If you have never used contactless payments before, you may already have an NFC-enabled card. Just look out for the wireless symbol on your card! If it’s there, you should be able to use it on tap-to-pay terminals. Otherwise, you can get in touch with your bank or card company issuer to ensure that this feature is activated on your card.
 
This also applies to NFC-enabled POS terminals. You might be wondering – so where I can use contactless payments? If you’re unsure of whether Tap to pay is available in your local stores, just look for that wireless symbol on any given terminal.
 

Make Sure Your Phone or Wearable Device is NFC-enabled

 
Now you know how to identify if your card can make these payments, what about your phone? You can only use Tap to pay if your iPhone or smartphone is NFC-enabled. To do this, you can search your settings for ‘NFC’. If there is no ‘NFC’ option, your phone likely cannot make payments.
 
You can also check with your mobile company to see which models are eligible to use Google Pay, Apple Pay, or Samsung Pay. Often their older models are not NFC-enabled.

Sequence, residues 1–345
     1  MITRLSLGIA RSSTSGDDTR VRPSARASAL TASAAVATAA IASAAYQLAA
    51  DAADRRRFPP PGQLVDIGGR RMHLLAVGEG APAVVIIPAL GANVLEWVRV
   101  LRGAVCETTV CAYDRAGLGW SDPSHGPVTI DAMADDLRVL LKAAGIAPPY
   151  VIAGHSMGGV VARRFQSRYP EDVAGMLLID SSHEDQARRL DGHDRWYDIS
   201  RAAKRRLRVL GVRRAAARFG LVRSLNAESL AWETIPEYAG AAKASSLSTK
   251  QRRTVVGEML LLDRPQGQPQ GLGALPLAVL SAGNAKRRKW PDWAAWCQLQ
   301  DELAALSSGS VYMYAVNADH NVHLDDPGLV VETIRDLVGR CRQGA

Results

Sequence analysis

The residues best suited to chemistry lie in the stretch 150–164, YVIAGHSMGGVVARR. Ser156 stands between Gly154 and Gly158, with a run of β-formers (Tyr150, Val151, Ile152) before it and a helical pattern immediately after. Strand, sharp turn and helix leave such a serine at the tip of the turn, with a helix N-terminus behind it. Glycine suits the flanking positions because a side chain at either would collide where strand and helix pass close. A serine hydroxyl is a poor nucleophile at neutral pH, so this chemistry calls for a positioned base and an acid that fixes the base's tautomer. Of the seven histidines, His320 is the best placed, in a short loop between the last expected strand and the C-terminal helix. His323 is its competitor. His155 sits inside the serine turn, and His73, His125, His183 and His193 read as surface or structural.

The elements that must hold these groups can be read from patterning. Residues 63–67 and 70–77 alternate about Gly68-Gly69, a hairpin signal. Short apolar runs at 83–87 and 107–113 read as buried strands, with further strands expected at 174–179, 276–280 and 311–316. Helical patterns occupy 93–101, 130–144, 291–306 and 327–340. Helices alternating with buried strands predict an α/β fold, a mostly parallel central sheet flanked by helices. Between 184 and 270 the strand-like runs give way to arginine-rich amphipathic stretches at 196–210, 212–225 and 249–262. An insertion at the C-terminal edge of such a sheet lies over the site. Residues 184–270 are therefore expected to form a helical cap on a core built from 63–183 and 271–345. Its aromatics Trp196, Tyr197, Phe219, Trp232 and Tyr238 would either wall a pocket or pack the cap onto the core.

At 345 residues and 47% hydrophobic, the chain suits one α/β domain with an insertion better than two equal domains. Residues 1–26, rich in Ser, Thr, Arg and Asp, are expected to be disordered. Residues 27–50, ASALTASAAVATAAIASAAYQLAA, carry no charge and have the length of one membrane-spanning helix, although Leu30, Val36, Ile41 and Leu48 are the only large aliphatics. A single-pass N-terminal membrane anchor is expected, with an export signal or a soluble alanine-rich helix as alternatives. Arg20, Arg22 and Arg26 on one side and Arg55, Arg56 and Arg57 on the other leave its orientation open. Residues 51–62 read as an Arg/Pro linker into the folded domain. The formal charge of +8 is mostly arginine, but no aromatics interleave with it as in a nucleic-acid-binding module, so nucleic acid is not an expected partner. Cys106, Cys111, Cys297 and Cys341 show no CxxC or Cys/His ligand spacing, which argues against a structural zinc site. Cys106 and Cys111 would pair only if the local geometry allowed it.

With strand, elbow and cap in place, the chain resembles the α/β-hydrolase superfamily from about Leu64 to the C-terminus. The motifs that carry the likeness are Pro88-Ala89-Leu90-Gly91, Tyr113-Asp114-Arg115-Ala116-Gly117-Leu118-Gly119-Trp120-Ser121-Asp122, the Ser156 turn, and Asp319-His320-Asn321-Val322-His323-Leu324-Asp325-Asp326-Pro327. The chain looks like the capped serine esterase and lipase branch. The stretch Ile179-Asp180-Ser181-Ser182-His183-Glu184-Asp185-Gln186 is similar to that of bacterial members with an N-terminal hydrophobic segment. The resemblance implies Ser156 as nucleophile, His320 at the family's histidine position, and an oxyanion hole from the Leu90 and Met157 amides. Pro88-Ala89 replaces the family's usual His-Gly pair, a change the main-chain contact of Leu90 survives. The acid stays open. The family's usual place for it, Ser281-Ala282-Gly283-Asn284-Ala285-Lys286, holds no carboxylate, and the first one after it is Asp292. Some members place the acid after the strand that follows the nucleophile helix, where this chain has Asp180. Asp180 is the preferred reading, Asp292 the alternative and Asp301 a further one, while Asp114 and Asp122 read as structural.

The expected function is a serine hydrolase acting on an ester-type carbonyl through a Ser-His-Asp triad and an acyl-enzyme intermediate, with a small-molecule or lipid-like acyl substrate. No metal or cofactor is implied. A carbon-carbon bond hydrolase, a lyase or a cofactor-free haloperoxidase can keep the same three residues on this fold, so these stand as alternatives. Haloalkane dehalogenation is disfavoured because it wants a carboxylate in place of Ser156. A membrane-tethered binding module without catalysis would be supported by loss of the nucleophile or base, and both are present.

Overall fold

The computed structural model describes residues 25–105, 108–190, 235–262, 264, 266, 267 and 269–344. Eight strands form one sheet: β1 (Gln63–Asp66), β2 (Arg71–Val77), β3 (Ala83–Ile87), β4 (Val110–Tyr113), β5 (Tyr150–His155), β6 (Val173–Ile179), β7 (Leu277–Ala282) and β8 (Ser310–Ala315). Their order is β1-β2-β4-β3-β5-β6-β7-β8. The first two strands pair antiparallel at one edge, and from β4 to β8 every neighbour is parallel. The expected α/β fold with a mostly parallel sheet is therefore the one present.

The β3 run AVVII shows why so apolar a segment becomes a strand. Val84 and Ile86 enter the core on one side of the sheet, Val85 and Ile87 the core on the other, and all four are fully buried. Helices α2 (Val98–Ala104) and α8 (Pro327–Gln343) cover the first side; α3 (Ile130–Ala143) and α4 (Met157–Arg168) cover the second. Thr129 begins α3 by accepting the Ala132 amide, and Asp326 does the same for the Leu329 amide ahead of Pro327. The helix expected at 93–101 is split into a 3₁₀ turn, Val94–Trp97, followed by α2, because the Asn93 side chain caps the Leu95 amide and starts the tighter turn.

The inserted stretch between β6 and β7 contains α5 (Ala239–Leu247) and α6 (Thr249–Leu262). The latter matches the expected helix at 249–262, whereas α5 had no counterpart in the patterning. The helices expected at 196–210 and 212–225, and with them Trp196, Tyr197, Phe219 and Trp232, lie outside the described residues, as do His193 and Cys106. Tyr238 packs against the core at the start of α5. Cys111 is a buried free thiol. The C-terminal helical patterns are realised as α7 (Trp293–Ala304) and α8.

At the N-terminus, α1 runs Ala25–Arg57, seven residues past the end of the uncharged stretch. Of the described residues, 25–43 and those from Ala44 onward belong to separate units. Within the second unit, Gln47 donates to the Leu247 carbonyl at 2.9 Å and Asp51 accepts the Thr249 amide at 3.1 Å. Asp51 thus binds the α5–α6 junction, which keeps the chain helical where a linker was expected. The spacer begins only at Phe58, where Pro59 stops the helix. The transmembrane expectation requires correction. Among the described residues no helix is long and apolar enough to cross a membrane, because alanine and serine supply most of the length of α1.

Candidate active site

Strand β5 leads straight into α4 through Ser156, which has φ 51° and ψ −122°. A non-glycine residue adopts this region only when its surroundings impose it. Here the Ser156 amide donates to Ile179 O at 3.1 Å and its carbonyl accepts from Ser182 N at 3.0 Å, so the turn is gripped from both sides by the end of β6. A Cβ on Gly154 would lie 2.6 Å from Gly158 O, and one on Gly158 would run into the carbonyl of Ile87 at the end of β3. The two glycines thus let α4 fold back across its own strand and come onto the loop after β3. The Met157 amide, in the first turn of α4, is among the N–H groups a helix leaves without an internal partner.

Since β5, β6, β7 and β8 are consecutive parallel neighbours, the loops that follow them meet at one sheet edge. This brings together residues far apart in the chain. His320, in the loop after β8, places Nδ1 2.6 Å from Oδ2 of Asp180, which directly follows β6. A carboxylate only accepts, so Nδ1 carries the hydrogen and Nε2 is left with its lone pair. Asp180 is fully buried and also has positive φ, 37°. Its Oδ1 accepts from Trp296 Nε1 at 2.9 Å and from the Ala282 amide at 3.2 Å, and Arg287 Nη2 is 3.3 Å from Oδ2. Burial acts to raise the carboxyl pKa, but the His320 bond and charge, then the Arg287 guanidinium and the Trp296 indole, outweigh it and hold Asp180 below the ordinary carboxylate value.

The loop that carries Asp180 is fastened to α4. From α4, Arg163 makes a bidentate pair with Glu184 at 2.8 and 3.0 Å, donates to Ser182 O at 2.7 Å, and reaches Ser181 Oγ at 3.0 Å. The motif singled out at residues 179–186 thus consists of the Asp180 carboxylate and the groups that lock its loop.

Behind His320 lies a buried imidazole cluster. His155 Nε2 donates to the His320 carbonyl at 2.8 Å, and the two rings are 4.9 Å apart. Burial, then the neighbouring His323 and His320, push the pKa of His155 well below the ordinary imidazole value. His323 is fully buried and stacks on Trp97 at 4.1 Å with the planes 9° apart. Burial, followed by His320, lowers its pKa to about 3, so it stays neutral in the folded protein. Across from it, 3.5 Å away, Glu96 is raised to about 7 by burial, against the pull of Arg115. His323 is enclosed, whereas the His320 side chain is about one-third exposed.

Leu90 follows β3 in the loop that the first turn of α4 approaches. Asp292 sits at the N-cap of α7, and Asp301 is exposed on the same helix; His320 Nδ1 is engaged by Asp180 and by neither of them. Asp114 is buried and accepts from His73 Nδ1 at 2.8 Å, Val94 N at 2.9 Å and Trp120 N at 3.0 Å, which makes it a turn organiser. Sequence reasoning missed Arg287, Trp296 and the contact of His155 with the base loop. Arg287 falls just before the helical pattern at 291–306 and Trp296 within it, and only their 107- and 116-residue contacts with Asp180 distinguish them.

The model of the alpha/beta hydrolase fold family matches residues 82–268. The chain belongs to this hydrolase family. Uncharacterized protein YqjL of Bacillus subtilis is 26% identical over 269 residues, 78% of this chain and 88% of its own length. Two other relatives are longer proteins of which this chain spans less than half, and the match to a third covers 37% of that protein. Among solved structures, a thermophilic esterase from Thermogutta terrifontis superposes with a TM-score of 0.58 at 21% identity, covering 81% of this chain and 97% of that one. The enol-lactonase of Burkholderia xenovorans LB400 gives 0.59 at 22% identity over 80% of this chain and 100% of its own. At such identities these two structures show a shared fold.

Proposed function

How to Load Your Card Onto your Payment-enabled Phone or Device

 
To turn your phone or device into a digital wallet, make sure you’ve installed the correct payment service onto your phone. This will likely be an app for Google, Apple, or Samsung Pay. With an iPhone, you can find Apple Pay in the Wallet app.
 
If using your phone or tablet, you should be asked to take a photo of your credit or debit card. This will allow the app to scan your card details and store them in the app. You then need to annually save your payment details. If you have a smartwatch or Apple watch paired with your device, you should be able to automatically add those card details to your watch.
 

How To Use Apple Pay

 


 

How To Use Google Pay

 


 

How To Use Samsung Pay

 


 

Final Thoughts

 
It’s clear to see that contactless payments are taking over in the payment sphere. This is particularly true as the global Covid-19 pandemic drives customers and retailers to find safer ways to buy and sell in the marketplace.
 
This new way to spend money without having to count your change, sign a slip of paper, or punch in your PIN has become the go-to method for millions. It’s faster, safer, and easier than almost all the alternatives. And it even allows you to make payments through your phone or smartwatch!
 
And as modern shoppers reach for more convenient ways to spend their money, one thing is clear – contactless payment won’t be going anywhere.